New York: D. Appleton and Company, 1861. Single volume, measuring 7.75 x 4.75 inches: (3), 4-140, (4). Original full brown textured cloth, boards blind-ruled and lettered in gilt, pale yellow coated endpapers. Four pages of publisher’s advertisements at rear. Bookplate of Susan Hayhurst to front pastedown, early ownership stamp of A.M. Fullerton to front free endpaper. Light spotting and rubbing to binding, especially spine ends; upper hinge weak; short closed tear to gutter of front free endpaper.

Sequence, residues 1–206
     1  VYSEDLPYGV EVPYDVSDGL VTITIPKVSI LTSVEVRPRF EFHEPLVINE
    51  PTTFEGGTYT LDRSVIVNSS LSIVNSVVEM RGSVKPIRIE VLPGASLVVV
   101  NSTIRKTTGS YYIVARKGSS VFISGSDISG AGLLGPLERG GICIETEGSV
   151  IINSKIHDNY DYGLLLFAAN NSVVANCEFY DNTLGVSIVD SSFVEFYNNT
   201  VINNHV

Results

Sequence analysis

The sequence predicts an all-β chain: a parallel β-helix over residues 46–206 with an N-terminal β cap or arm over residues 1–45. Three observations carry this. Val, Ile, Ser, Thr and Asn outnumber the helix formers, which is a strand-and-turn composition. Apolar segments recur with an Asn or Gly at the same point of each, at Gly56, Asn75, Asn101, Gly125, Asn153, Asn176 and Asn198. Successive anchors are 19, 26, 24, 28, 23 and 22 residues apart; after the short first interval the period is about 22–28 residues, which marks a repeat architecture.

Early American printing of Florence Nightingale’s classic treatise on the care of the sick, the copy of Susan Hayhurst, the first female pharmacist in the United States. Nightingale’s brisk common sense is fully on display in Notes on Nursing, a treatise aimed not at medical professionals, but at women nursing ailing family members at home. Nightingale stresses the importance of fresh air, light, cleanliness, and quiet in the sickroom, and offers pointed advice on diet: “To leave the patient's untasted food by his side, from meal to meal, in hopes that he will eat it in the interval is simply to prevent him from taking any food at all.” Notes on Nursing was an immediate success in England when it appeared in 1859; the first American edition, in 1860, was similarly well-received. The owner of this 1861 printing, the Quaker Susan Hayhurst, earned her degree in medicine from the Woman’s Medical College of Pennsylvania in 1857. A lifelong public health educator, she chaired the Committee of Supplies of the Pennsylvania Relief Association during the Civil War. In 1883, Hayhurst became the first woman to receive a pharmacy degree in the United States, going on to mentor generations of women pharmacists at the Woman’s Hospital of Philadelphia until her death in 1909. A very good copy of a classic work of nursing, bringing together two pioneering women in medicine.